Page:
Anonymous said...

i love these too, but wonder if the addition of sugar is necessary/traditional? I am pretty sure my granny didn't put in sugar...

Anonymous said...

So mouthwatering!!I like listening to the music of avril.

Anonymous said...

You could add melted butter and covering them with jelly milk(dulce de leche, en español) It's absolutely delicious!

dougie said...

Thank you. That recipe (double quantities, three small eggs) worked brilliantly.We'll probably do another batch tomorrow.

Ursula said...

i used to make pancakes with my grandad on his girdle : this brings back memories, great recipe! hey just wondering, how many should this make because i may need to double it as i only have a goose egg at home so thats equivalent to two or three hens eggs...?

Anonymous said...

Good recipe. Very tasty pancakes. Just made a batch & already guzzled by my 5 year old and me. Highly recommend this recipe.

Anonymous said...

i have tried for years to make pancakes like my granny used to make on her gridle will no sucess. until today just finished making theses and they are soooo good ate 3 already.thanks for recipe.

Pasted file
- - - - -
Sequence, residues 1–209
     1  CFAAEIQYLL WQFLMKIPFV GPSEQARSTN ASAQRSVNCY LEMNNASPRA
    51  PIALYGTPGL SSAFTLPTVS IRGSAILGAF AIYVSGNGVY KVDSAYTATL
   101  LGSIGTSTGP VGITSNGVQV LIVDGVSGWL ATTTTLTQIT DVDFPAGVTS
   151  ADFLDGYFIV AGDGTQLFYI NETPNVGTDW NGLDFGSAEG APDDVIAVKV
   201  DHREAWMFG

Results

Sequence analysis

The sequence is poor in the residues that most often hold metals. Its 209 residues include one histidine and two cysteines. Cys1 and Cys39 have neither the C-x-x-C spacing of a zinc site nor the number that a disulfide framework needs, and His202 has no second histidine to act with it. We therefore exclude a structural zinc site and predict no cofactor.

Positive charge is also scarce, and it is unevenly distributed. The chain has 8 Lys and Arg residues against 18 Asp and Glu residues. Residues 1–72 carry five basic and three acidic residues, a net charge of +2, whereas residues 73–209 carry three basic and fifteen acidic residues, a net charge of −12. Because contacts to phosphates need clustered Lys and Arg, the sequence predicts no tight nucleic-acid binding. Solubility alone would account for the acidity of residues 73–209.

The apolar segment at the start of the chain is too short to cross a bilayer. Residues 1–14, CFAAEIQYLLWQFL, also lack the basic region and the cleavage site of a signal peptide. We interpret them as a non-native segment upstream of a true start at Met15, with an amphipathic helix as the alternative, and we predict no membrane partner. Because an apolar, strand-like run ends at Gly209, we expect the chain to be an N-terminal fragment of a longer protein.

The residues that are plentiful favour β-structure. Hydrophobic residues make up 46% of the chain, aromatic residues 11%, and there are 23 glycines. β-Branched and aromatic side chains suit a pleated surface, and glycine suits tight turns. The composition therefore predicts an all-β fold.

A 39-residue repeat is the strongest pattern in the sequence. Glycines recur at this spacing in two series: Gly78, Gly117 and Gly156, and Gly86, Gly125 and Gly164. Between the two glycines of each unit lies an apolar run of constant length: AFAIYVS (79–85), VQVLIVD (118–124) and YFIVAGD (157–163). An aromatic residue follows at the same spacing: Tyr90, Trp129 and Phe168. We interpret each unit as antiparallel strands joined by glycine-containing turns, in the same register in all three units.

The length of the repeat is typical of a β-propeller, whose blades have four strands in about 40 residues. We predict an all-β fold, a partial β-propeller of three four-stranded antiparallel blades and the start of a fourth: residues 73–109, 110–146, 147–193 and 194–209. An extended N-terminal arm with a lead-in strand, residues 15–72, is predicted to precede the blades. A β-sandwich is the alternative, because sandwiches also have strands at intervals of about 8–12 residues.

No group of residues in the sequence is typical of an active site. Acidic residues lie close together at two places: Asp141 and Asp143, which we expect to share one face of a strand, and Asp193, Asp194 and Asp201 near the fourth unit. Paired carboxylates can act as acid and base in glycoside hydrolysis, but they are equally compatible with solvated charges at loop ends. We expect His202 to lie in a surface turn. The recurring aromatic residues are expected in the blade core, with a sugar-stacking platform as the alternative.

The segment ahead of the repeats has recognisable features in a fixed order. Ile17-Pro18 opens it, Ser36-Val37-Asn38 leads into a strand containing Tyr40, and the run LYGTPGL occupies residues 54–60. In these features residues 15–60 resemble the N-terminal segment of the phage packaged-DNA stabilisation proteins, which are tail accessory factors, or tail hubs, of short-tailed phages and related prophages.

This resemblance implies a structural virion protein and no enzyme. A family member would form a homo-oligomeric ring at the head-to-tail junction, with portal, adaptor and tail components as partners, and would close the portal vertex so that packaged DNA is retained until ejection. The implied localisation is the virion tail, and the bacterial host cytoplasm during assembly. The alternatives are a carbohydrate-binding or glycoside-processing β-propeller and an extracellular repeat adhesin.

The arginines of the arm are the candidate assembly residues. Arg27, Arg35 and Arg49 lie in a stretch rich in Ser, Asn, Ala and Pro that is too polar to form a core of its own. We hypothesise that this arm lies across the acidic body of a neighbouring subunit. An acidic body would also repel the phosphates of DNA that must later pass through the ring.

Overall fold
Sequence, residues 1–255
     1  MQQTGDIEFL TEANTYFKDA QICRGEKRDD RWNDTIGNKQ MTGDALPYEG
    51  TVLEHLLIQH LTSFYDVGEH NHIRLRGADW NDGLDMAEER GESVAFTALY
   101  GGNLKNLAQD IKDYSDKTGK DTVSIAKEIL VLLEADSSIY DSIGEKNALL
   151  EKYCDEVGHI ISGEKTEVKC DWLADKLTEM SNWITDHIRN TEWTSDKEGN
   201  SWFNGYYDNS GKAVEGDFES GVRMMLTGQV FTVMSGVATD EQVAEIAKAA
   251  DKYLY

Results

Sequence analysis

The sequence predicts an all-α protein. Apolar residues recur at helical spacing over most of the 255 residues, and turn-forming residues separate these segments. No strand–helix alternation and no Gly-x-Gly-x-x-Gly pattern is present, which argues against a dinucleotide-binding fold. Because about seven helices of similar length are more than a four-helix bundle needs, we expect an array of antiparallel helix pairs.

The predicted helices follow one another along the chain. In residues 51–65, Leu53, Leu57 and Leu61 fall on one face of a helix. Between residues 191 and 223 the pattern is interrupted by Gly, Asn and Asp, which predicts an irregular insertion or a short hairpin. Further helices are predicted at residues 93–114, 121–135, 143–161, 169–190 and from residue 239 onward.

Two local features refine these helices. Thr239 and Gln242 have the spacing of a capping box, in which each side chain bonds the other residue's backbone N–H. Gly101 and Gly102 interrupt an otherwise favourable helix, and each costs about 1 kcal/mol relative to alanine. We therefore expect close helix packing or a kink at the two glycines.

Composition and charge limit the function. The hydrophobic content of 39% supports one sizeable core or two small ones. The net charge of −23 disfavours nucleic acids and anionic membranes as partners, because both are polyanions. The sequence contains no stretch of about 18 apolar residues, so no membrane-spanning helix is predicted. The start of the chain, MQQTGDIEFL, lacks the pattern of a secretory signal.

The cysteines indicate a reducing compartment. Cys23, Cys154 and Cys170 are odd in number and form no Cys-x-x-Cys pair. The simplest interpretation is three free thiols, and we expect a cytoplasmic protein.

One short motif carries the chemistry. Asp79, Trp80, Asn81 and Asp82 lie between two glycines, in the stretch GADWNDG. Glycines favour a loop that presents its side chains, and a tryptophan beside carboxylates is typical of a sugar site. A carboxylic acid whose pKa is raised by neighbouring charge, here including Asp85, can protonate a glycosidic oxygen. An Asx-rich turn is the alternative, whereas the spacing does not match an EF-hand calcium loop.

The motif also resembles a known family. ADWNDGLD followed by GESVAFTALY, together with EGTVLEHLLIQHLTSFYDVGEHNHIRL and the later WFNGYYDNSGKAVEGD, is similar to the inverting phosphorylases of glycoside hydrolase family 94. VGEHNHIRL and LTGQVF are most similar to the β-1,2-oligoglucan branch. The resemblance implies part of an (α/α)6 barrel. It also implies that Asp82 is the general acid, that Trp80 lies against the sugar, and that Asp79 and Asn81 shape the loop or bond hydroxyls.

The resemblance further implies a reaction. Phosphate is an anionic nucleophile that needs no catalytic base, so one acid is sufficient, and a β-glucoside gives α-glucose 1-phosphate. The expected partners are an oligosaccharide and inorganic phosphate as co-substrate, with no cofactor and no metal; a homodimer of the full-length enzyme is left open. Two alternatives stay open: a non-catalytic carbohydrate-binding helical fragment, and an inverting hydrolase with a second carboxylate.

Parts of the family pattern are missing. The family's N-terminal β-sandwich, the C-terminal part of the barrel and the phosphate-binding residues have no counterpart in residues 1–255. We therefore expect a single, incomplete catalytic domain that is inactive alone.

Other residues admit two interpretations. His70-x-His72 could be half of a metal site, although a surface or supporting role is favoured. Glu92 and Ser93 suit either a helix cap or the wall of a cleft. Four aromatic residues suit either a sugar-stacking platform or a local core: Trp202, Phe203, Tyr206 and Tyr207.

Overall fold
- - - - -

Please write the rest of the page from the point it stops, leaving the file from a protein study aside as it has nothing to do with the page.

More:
Anonymous said...

I've made these minus the sugar instead of Blinis. Topped with soured cream, caviaar and chopped chives..... mmmm delicious

Graham said...

I've used these - minus the sugar as an alternative for Blinis. Topped with soured cream, caviaar and chopped chives. Mmmmm delicious

Sam said...

Just made them for the kids, syrup jam or butter......yummy

JessMonkey said...

Just made these for me and the hubby for breakfast!! Had them with toffee sauce. So easy to make too!

Sarah said...

My dog liked these. My boyfriend left his plate unattended for a moment and the naughty terrier scoffed half of his breakfast. He's never stolen our food before. I wouldn't have mided too much but I got the blame!

Anonymous said...

I remember making Scotch pancakes in the late 90s. I got a recipe from an old book and remember putting 2 tablespoons of melted butter into the mixture. I must make some very soon as these look delicious. I would love to put some thinly sliced salted butter on them and a pinch of sugar.

- Cab

Anonymous said...

Made these this morning. Easy to do and yummy. Have you got any other ideas for these for different flavours. I was thinking of maybe adding raisins or blueberries. Jen x